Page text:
What Do I Need To Include In My Carbon Border Adjustment Mechanism (CBAM) Reports
The European Commission has published a draft for the rules of reporting ahead of the first phase of the Carbon Border Adjustment Mechanism. Find out what must be included in your CBAM reports here.
CBAM: an overview
The Carbon Border Adjustment Mechanism (CBAM) is a new tax for importers of emission-heavy goods, designed to combat carbon leakage within the EU. When a regulated commodity is imported, carbon credits must be purchased
By introducing the CBAM, the European Union is able to offset embedded carbon emissions on imports to bring foreign goods up to the same regulations that domestic manufacturers have to meet. This prevents companies from simply switching to third-country suppliers to avoid emissions regulations.
Once the Carbon Border Adjustment Mechanism has completed its implementation, it is expected that it will cover more than 50% of emissions for ETS-covered goods. Currently, the commodities that will be covered are:
- Iron and steel
CBAM will be introduced over two phases:
CBAM transition (reporting) stage
From 1st October 2023 until 31st December 2025, you are only required to submit CBAM reports for every quarter. These must be completed within a month from the end of the quarter, with your first report due by 31st January 2024.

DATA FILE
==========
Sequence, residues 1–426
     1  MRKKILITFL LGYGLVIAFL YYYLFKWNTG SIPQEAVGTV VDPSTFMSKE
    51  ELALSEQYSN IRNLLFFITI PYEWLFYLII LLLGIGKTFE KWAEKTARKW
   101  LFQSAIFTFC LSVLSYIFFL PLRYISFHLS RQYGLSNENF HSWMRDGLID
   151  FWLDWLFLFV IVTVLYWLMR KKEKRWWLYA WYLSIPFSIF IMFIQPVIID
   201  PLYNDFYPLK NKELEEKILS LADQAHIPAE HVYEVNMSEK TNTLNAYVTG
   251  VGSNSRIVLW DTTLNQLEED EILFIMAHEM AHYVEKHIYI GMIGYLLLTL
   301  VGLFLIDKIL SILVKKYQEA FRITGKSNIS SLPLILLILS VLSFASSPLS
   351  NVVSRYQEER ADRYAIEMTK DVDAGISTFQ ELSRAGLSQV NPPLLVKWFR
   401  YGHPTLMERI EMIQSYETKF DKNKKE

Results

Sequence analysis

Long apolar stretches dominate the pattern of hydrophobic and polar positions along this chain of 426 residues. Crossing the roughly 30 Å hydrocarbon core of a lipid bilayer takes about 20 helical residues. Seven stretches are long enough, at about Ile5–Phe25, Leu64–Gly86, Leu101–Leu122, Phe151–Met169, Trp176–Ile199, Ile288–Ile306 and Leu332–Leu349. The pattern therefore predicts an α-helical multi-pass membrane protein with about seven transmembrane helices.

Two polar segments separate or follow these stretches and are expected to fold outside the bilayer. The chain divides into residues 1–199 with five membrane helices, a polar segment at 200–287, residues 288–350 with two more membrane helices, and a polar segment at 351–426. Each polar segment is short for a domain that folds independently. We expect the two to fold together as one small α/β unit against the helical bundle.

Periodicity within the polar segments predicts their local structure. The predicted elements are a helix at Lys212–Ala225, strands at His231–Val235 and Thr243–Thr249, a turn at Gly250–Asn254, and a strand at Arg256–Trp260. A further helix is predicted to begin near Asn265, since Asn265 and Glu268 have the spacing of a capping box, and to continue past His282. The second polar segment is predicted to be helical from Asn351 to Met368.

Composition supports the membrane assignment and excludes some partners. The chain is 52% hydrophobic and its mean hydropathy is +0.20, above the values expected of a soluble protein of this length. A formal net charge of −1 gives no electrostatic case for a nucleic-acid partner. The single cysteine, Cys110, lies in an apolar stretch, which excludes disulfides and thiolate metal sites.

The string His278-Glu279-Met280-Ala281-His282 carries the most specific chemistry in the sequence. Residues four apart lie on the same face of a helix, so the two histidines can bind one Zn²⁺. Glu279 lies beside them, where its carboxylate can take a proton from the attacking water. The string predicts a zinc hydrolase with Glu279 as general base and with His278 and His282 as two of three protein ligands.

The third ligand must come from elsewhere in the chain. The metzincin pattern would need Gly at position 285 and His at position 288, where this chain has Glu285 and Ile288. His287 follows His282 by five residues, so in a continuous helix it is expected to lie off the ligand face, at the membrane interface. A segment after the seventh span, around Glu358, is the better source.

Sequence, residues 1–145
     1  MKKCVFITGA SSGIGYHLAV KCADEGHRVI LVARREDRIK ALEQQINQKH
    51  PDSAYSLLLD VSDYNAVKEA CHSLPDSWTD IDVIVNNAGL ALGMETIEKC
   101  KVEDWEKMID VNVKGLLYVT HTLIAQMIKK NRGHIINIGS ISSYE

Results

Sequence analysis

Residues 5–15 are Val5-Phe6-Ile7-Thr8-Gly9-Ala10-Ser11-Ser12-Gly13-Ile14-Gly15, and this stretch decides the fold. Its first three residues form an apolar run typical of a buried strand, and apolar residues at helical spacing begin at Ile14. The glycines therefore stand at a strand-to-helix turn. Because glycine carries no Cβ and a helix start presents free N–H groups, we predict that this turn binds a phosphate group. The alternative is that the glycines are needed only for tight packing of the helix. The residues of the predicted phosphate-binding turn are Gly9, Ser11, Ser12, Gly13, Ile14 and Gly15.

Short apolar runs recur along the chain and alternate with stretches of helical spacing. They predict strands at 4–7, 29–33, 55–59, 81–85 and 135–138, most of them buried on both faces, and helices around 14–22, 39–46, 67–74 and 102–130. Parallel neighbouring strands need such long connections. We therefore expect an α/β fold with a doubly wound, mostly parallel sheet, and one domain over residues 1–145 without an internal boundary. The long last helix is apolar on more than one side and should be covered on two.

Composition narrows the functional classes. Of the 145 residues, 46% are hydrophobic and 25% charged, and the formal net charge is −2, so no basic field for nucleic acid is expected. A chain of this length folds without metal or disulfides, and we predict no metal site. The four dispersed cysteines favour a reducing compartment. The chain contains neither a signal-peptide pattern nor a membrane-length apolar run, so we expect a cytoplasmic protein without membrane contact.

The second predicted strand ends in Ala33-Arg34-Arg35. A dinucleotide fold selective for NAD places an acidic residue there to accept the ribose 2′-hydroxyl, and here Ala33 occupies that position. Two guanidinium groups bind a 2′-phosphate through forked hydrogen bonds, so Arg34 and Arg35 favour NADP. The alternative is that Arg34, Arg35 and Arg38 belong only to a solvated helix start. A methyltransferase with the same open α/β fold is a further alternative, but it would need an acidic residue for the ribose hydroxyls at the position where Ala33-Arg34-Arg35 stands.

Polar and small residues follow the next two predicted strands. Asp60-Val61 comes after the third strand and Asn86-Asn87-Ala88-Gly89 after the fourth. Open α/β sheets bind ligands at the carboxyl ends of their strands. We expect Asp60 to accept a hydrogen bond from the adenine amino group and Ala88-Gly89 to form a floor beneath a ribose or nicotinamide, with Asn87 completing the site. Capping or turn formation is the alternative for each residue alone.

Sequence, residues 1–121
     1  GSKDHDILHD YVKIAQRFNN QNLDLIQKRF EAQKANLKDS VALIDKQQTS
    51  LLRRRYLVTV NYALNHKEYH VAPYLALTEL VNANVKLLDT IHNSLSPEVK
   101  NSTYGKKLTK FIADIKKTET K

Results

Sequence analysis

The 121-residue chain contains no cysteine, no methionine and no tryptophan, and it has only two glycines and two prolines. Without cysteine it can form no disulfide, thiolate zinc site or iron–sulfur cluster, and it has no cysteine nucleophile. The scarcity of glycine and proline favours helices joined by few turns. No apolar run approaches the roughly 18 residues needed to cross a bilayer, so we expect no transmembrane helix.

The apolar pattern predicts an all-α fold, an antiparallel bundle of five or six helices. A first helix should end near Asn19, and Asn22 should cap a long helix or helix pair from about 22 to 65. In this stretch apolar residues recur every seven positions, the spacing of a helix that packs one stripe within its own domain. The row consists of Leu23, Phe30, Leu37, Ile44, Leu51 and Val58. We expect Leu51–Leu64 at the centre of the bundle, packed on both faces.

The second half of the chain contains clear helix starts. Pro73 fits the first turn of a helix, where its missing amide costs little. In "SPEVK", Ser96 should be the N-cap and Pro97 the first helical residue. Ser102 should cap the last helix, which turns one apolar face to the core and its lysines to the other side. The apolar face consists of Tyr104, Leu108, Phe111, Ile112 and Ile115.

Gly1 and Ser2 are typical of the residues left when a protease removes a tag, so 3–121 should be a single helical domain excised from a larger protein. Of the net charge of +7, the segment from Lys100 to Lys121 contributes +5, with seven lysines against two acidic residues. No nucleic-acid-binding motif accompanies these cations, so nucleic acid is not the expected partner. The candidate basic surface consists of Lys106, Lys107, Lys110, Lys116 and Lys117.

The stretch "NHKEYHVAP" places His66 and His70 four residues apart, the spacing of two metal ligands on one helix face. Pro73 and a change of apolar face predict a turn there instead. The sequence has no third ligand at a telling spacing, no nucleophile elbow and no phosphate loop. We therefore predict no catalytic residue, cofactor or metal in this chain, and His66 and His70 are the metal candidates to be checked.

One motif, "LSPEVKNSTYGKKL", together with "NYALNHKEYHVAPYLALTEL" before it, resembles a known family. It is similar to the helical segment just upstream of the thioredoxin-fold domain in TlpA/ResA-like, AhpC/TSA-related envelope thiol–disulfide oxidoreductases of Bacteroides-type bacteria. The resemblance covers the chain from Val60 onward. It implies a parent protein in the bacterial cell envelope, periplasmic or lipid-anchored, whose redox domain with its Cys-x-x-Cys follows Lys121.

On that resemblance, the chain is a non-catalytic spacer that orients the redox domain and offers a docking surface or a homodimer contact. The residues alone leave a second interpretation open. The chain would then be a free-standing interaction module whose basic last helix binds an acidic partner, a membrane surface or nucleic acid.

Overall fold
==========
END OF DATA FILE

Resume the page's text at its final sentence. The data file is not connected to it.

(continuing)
Carbon Border Adjustment Mechanism certificates are not required to be purchased during the transition phase.
CBAM operational stage
The full Carbon Border Adjustment Mechanism will be in effect from 1st January 2026. Annual declarations are required, either directly or through a CBAM-authorised declarant. If you complete the declaration directly, you must be CBAM-authorised.
Your first annual declaration is required by 31st May 2027.
What details must be included in my CBAM reports?
A recent memo from the European Commission indicates that your CBAM report must include the following commodity and emission information:
Table from European Comission
Additionally, the following must be declared on your CBAM report:
- Country of origin
- Production methods
- Identification number of the mill (for metal goods)
- Whether exact or default values were used for calculating emissions
- If any carbon price has already been paid in the country of origin
Check your country to see if your CBAM reporting is a customs or tax responsibility
Although the Carbon Border Adjustment Mechanism is applied to imports, some EU countries have allocated resources from tax departments to oversee CBAM-related activities.
The Carbon Border Adjustment Mechanism Committee will collect feedback on the proposed regulations before confirming or amending them in the coming months.
Meanwhile, it is best for you to collaborate with your suppliers to get paperwork practices in place that provide the right information, and establish which values will be used for emissions.
Do you need to submit CBAM reports?
Customs Support is a neutral provider of customs services across the EU, helping businesses like yours navigate the ever-changing landscape that is customs. For guidance in preparing for CBAM-reporting, contact us for more information.